Pastors say the economy continues to have a negative impact on their churches despite stabilized giving, according to a survey by LifeWay Research.
The survey of 1,000 Protestant pastors asked respondents, "How is the economy impacting your church?" Almost two-thirds responded negatively, with 56 percent indicating somewhat negatively and 8 percent very negatively. One quarter of the pastors surveyed said, "The economy has had no impact on my church," while 9 percent indicated a positive impact on their churches.
"Pastor views on the economy are similar to many economic outlook surveys," says Scott McConnell, director of LifeWay Research. "We weren't surprised the current perspective of economic impact on churches is predominantly negative."
However, there is some good news. LifeWay Research found that while the sluggish economic recovery has translated into flat or reduced giving for many churches, the trend continues of fewer churches reporting declines in giving.
- 23 percent of churches had lower giving in 2010 than 2009.
- 19 percent of churches had lower giving in 2011 than in 2010.
- Through May 2012 giving for 15 percent of churches has been below 2011.
Similarly, fewer churches are failing to meet budget expectations. Through May 2011, giving for 27 percent of churches was below budget. At the same time in 2012, only 22 percent of churches reported giving below budget–a 5 percent decrease from the year before.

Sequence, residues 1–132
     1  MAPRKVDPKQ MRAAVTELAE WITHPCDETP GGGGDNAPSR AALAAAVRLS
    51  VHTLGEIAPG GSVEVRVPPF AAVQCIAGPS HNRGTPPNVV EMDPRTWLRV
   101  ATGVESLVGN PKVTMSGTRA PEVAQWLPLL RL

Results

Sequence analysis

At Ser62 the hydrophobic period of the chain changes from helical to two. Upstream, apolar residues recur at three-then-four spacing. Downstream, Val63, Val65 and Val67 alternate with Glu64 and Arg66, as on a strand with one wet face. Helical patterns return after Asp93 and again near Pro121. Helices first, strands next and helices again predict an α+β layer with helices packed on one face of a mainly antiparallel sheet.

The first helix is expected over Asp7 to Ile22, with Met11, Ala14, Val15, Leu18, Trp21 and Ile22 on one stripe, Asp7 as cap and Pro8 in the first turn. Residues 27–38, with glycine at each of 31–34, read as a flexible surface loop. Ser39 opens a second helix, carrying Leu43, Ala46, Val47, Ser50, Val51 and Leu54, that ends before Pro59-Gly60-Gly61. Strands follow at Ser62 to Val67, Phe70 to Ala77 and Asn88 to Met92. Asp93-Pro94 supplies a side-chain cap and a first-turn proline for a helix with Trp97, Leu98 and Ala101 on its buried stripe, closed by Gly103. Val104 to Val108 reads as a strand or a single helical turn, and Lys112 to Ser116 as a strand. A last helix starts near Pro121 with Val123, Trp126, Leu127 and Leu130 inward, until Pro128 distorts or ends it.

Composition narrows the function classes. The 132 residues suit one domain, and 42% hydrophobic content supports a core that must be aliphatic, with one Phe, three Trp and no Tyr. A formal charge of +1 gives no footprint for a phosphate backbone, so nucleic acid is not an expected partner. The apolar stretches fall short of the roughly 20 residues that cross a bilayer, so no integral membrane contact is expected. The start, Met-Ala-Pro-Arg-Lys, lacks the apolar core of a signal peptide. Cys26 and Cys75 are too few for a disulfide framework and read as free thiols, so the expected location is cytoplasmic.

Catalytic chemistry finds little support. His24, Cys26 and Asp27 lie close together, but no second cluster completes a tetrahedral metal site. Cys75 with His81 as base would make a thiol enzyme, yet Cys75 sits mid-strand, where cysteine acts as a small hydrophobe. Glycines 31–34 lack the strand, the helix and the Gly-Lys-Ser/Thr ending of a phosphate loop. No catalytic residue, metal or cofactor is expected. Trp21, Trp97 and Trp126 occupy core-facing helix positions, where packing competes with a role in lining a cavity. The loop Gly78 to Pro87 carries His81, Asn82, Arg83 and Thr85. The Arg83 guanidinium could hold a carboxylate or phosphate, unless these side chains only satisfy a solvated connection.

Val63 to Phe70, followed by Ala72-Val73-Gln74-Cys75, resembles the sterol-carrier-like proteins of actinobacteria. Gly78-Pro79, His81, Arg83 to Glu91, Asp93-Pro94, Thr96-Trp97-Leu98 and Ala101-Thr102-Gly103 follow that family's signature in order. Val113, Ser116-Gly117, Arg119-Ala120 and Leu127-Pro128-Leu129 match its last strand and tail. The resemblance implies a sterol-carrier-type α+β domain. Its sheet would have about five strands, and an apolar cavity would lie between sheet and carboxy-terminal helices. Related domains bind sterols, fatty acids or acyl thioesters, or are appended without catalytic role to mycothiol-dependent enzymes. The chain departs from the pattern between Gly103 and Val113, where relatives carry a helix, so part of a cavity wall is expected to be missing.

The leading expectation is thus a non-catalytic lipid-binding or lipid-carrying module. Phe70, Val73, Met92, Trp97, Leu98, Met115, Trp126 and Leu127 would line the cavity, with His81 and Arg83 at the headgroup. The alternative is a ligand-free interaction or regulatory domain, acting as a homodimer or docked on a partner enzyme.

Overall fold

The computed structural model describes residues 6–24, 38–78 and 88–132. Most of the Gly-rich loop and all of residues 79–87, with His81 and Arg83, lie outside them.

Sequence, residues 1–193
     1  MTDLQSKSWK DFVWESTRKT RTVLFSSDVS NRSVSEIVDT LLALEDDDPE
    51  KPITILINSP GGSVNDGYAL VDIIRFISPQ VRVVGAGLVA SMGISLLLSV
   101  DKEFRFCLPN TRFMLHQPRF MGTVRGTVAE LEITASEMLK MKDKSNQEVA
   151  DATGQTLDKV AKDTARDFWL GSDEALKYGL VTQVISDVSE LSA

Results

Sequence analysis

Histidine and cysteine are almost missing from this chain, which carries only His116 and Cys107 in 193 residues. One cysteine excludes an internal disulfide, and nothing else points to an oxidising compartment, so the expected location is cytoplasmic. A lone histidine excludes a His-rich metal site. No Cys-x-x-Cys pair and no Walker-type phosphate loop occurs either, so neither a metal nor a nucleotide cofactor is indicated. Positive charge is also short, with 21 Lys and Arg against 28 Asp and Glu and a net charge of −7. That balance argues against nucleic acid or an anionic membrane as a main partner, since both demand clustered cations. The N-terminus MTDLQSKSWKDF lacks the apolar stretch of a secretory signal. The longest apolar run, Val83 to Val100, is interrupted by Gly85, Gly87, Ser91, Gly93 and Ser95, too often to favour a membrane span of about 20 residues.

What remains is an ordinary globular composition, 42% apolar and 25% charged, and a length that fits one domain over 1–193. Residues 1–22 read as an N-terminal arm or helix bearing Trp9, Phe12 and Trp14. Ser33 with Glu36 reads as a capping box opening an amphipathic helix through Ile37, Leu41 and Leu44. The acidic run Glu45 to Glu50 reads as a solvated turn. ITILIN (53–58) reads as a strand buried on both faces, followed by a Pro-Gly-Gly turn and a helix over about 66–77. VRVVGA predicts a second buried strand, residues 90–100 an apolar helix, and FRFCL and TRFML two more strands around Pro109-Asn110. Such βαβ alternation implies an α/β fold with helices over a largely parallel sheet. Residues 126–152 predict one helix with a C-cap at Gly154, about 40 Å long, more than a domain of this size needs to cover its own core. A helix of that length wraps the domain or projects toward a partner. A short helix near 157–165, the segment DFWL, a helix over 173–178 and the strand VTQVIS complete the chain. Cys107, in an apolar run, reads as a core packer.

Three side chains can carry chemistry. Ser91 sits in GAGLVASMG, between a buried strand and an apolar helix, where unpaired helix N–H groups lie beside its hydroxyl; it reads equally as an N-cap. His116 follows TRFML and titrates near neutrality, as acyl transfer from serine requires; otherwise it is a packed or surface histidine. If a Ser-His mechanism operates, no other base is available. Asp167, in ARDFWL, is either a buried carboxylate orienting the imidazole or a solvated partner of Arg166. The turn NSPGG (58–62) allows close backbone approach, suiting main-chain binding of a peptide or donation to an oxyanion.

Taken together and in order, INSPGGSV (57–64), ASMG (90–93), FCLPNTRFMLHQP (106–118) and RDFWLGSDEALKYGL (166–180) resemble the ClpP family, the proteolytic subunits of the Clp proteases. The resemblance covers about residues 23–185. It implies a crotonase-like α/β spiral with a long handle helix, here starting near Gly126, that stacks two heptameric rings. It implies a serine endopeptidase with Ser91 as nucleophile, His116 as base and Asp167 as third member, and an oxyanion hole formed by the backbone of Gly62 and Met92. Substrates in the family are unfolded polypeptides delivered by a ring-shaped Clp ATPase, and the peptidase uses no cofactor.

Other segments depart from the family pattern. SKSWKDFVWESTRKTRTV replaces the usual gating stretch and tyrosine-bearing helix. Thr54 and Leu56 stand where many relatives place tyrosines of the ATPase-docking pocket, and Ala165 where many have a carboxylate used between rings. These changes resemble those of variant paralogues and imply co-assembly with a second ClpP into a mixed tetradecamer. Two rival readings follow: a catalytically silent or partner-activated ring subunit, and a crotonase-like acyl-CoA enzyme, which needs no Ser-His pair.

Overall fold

The trend seems to indicate a stabilization of giving rather than widespread increases in giving. Through May 2011, 36 percent of churches saw giving the same as 2010. And through May 2012, 40 percent of churches saw giving the same as 2011.
"Many people refer to the 'new normal' of tighter consumer spending, but it appears there has been no adjustment in economic expectations," says McConnell. "Pastors and Americans in general are still disappointed when they experience a lack of consistent or increasing growth."
According to the survey, a larger percentage of pastors serving in large cities and the suburbs (72 percent in both areas) cited a negative impact on their church from the economy in 2012 than those serving in small cities (63 percent) and rural areas (61 percent).
Also, a higher percentage of pastors in the West (71 percent) said the current state of the economy was having a negative impact on their churches compared to churches in the Northeast, South and Midwest (all at 63 percent).
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